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    I am new to this page so I apologize if the answer is on here somewhere and I just have not yet found it. In regards to the Lakeway underpass, does this project widen it at all? I found on the map where I have the option to suggest adding bike lanes, but no option of adding vehicle lanes, or adding bike lanes without sacrificing vehicle lanes. And then a related question, could this project include a new freeway underpass or tunnel for bikes and pedestrians so the already limited Lakeway underpass is not further restricted by new bike lanes?

    Joseph Wilson asked 9 months ago

    You are welcome to place a pin on the map and add these comments.  Blue pins for bike improvements, black pins for vehicle improvements. We have not yet made any specific recommendations for transportation improvements as we are beginning feasibility analysis of what that might look like.  Feasibility is determined based on a combination of constructability, cost, and financial resources available. As you might imagine, widening a freeway underpass or boring a tunnel beneath the freeway for people walking and biking would cost tens of millions of dollars, which neither the City nor WSDOT has available in the foreseeable future.

    Chris Comeau, City of Bellingham Transportation Planner

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    Is it possible for the neighborhood on West and East Racine get a light on our blind corner to get onto Lakeway safely. If your not aware, its a blind corner we have to pull up to the bike lane to even see if that of on coming traffic. If your not aware the speed limit is 25 on Lakeway till our street Racine then 30 but people drive 50 at Puget Street all the way to Yew Street. It makes it impossible to get on the street.

    Toolmom asked 9 months ago

    Racine Street is beyond the Lincoln-Lakeway Study area boundary. For a comprehensive answer to your inquiry about a new traffic signal at Lakeway/Racine, please email City Transportation Planner Chris Comeau directly at ccomeau@cob.org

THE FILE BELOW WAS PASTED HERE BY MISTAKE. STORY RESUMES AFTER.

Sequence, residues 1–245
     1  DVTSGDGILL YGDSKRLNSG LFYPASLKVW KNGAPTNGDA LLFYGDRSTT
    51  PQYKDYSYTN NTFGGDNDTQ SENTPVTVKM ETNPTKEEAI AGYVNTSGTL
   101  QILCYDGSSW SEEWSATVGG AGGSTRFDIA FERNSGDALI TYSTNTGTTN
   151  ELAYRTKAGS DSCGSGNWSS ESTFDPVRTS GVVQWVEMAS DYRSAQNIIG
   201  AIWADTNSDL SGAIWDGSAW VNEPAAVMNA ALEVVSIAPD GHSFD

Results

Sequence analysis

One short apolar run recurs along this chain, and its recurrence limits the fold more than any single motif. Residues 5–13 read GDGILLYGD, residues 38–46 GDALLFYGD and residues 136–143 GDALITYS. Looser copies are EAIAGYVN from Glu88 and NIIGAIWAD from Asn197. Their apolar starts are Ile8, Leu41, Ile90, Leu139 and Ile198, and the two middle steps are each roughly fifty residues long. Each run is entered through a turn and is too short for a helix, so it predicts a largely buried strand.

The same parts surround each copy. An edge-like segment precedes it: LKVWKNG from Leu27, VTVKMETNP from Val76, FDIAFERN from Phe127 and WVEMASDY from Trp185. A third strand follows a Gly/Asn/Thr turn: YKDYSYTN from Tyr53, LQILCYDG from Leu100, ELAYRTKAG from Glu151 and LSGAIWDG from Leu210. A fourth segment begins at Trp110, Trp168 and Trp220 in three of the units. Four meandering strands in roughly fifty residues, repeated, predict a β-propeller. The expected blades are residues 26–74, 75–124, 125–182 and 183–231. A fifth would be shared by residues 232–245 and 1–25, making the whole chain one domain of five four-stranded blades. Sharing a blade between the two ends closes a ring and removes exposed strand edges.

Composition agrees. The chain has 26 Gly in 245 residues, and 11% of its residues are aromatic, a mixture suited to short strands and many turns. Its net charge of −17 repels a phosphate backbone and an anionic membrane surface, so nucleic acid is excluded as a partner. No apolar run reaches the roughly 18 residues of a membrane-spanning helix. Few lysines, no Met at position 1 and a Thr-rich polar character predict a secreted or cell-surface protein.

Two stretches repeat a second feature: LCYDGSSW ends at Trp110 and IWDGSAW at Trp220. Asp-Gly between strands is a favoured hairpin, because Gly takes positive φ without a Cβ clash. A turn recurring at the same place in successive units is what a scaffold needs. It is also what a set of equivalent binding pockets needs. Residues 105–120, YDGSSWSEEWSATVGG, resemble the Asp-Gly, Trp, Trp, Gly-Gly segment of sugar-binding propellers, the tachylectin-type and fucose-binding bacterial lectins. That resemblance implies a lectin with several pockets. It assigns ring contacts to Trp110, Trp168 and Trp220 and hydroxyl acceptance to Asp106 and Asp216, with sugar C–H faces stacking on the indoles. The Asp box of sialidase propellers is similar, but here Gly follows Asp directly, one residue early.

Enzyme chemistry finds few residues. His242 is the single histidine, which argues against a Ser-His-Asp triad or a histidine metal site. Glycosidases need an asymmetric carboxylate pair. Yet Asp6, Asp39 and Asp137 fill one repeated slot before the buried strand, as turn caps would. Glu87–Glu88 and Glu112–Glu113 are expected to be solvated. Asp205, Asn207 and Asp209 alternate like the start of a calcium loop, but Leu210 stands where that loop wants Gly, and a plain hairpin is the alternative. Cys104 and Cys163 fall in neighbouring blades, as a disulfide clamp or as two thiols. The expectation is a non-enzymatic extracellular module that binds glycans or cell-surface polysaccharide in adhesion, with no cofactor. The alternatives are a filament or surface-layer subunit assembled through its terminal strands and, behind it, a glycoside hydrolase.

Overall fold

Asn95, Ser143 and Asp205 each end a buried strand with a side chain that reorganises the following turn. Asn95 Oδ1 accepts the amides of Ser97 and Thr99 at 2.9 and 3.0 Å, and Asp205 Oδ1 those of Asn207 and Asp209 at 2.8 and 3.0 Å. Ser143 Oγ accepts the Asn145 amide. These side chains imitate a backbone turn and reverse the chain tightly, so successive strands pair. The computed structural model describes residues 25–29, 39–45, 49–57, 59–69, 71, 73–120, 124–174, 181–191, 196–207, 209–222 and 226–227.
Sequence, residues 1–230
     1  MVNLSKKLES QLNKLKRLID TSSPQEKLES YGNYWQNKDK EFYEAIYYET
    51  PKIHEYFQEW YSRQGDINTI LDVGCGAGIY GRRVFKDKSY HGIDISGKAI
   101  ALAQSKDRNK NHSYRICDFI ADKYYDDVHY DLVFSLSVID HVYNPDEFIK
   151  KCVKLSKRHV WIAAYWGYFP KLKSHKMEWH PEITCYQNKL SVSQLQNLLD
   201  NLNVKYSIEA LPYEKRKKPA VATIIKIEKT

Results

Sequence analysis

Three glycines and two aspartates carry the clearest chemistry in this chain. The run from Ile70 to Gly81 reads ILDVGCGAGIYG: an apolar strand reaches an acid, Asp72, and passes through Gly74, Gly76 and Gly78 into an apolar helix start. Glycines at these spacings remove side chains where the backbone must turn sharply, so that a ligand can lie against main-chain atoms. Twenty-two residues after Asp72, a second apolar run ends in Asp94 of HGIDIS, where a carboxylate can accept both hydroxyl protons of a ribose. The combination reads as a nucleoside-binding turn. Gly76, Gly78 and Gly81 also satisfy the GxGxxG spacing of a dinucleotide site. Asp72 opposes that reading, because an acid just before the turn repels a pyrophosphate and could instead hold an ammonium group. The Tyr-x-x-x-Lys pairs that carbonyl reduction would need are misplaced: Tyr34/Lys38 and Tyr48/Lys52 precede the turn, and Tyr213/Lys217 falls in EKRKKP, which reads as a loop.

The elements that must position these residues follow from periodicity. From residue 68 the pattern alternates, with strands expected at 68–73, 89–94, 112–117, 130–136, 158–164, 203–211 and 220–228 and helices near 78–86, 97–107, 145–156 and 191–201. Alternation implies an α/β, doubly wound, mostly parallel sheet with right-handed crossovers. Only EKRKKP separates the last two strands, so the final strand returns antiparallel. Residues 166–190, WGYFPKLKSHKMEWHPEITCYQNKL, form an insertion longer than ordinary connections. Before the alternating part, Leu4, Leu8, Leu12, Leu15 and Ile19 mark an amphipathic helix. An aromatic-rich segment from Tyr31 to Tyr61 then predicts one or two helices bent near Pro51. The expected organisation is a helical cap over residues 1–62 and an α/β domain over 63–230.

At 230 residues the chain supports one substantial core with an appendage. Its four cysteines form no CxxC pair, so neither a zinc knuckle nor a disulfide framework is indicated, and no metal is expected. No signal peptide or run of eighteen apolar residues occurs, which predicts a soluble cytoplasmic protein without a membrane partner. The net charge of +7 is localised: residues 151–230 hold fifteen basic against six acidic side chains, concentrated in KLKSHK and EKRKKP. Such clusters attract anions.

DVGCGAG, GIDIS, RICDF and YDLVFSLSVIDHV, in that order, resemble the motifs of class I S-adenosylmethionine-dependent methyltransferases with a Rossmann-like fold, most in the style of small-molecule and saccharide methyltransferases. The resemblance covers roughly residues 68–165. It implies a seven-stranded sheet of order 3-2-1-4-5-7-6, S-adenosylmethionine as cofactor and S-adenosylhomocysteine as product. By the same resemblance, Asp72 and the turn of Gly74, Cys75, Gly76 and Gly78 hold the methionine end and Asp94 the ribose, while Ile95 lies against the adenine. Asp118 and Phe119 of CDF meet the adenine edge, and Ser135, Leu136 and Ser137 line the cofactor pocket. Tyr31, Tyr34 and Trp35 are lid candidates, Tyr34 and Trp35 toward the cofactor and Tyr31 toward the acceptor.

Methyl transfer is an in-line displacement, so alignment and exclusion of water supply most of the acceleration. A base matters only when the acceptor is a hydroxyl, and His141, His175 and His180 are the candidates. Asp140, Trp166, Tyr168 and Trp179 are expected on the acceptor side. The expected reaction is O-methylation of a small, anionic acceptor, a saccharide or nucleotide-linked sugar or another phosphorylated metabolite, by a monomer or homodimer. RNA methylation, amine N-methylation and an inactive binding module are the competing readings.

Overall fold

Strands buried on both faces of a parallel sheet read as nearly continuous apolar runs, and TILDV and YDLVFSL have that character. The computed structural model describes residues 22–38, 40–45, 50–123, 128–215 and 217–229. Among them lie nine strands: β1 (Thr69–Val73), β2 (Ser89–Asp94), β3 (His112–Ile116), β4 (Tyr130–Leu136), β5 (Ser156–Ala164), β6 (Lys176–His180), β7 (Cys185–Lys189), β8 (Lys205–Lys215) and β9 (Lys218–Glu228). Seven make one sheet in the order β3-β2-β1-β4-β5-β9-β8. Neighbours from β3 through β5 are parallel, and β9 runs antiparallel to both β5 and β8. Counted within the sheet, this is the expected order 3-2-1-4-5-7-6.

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    Possible to eliminate the free turn on red from BM Parkway heading east onto Samish Way. Would eliminate the lane blockage and reduce the traffic getting stuffed on Samish headed south. The second mesh is the free right from I5 south exit onto Samish Way and then trying to turn up the hill on BM towards the schools. Or a possible "do not block the box" marked intersection to eliminate the free turn folks blocking intersection and lanes.

    PSA asked 9 months ago

    These are great questions, but unfortunately there are no easy answers.  We've looked at possible improvements to these two closely spaced traffic signals, including a series of three roundabouts (2009), and intersection widening at Samish/Bill McDonald to put in a dedicated right-turn lane (2017).  Restricting right-turns does not prevent the turn lanes from filling up from other turning movements. The problem at this location is too many people all wanting to be at the same place at the same time (demand exceeding supply), many in single-occupancy vehicles, but many also riding WTA buses between WWU and the Lincoln Creek Transportation Center.  We will continue to explore ideas to make improvements at these intersections, but until we can change the demand side of the equation, it will be difficult.  I will ask our Bellingham Police Department about the "Block the Box" enforcement, which is done in Seattle and other cities, but that may be a Police time and resource issue more than an infrastructure issue. 

Page last updated: 13 October 2021, 16:24